Boeing has a significant skills agenda in Scotland, as part of a nationwide skills focus, delivering significant investment in STEM initiatives, such as contributing to the Outfit Moray programme for young people. The charity delivers life-changing outdoor learning and adventure activity programmes to young people in Moray, and is actively exploring other initiatives.
In March, Boeing and partners will open the UK’s first permanent Newton Flight Academy at the Glasgow Science Centre, which will include classroom facilities used to teach students aviation-related STEM concepts. There will also be three full-motion flight simulators available for use in the Academy. This initiative is made possible through £3.5 million of funding from Boeing and developed in partnership with First Scandinavia, delivering a network of STEM-focused “Newton Rooms” around Europe. This will be the first full Academy outside of Norway.
Scotland is home to a number of Boeing’s most important suppliers, including Spirit at Prestwick and Vector Aerospace, at Almondbank. As part of our Prosperity Agenda objective to increase UK supply chain competitiveness, Boeing works with ADS and the Scottish Government to run civil and defence supply chain development events and workshops. In partnership with Scottish Enterprise and the Department of International Trade, Boeing is looking to broaden the number of Scottish companies in Boeing’s supplier capability database. A virtual event was held in February 2021 and was attended by more than 100 companies. Another event is planned for late spring of this year.
In October, Boeing chose Scotland over strong competition across Europe to host a two-day Boeing Sustainability and Innovation Forum in Glasgow airport. This successful event, which was opened by the First Minister, reflected our commitment to the Boeing Scotland Alliance and Boeing’s recognition of the strength of Scotland’s research and industrial expertise in aerospace.
The Glasgow event brought together a range of partners across Scotland and the wider aviation sector. Participants from the UK and other European countries, including Scottish students, examined the potential for sustainable technologies to transform the future of aviation. A selection of these technologies was showcased in Boeing’s ecoDemonstrator aircraft which spent several days in Glasgow, its only visit to Europe during 2021.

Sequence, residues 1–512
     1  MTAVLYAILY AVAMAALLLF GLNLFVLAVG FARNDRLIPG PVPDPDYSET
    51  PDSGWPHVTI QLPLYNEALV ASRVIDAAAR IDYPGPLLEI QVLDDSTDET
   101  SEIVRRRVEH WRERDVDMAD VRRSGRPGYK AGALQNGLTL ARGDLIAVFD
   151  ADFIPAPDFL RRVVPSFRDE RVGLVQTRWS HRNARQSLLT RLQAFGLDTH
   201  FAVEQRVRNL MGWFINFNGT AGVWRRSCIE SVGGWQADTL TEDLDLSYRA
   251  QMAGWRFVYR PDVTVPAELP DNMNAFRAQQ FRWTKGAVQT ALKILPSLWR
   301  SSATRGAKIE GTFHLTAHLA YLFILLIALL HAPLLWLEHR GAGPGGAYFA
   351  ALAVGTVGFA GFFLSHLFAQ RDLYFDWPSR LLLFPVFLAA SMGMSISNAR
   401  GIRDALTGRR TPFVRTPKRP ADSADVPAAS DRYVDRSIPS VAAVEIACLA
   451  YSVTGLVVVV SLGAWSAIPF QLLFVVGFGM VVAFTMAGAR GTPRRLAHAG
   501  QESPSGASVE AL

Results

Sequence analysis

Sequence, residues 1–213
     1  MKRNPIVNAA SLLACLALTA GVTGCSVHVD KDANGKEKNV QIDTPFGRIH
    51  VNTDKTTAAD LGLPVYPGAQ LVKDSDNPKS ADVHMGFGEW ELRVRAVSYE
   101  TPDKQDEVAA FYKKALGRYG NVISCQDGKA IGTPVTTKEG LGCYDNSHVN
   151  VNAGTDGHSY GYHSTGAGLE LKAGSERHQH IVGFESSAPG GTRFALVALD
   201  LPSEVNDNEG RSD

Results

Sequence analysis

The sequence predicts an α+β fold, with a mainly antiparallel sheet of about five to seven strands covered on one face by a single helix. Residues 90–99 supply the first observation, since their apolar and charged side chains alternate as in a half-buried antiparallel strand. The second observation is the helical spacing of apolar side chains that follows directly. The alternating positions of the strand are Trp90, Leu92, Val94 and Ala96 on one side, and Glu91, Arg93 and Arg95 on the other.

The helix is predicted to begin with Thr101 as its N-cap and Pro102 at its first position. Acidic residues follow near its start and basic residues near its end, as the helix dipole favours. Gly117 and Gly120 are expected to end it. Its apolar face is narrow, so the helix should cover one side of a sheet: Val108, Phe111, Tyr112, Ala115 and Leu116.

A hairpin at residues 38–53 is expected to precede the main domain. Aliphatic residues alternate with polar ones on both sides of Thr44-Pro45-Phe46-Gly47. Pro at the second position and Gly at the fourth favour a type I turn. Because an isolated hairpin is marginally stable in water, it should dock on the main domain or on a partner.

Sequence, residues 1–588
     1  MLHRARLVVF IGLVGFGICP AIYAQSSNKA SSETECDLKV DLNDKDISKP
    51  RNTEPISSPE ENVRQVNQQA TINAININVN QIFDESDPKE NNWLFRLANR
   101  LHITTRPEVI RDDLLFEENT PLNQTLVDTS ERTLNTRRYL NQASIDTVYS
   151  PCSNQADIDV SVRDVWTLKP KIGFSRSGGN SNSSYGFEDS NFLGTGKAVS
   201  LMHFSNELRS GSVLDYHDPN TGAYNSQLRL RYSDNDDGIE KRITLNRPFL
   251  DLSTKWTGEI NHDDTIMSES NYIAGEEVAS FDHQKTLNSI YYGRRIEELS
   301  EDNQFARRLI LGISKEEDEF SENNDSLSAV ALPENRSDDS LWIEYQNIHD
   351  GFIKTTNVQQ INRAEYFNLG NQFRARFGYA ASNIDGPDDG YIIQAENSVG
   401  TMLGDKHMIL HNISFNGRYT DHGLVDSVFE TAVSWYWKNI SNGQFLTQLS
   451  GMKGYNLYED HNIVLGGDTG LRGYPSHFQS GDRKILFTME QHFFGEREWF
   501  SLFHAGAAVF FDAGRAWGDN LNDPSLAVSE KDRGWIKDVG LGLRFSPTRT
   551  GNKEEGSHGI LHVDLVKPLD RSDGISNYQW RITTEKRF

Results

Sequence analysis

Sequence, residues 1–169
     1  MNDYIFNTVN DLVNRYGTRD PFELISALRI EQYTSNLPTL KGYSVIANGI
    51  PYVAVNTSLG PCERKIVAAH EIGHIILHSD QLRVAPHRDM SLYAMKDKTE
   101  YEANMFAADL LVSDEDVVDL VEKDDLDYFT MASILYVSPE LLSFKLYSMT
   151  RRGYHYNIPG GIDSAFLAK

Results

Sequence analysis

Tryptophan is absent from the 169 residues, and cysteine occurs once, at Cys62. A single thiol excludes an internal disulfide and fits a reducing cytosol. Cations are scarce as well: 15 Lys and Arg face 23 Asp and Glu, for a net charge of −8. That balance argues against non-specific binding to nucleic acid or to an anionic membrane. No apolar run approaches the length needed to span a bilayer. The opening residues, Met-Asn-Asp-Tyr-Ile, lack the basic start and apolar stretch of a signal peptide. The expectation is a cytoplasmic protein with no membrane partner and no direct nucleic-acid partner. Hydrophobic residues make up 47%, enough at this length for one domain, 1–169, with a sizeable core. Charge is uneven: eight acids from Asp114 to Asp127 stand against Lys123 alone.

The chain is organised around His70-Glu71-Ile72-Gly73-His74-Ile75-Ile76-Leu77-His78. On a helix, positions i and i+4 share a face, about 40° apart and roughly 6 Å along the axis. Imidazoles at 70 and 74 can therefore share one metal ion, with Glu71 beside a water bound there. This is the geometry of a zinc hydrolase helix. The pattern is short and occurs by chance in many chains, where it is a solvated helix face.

I enclose below further details on the joint MOD-Boeing investment in Northeast Scotland. Please let me know if we can help the committee with any further information.
Sir Martin Donnelly
President of Boeing Europe, Managing Director of Boeing UK & Ireland
The Atlantic Building, home to the P-8A, RAF Lossiemouth
In 2016, the MOD announced its decision to buy nine P-8A Poseidon Maritime Patrol Aircraft from Boeing. With the RAF's decision to base its Poseidon fleet in Scotland at RAF Lossiemouth, Boeing and MOD agreed to jointly invest in a £100m facility. Boeing used local construction firm Robertson to build the facility, which was formally opened in July 2020. It is 19 metres high, 165 metres long and 100 metres wide, or equal to 1.5 times the size of BT Murrayfield Stadium, and is large enough to park 280 double decker buses. Its hangar can hold three aircraft. It also has maintenance equipment, planning rooms and squadron offices, as well as two simulators for training pilots and crew. The RAF’s new fleet of three Boeing E-7 Wedgetail aircraft also will be based there after being converted in Birmingham. Boeing expects to have around 200 of its employees focused on maintenance, training and support at RAF Lossiemouth once the facility is fully operational.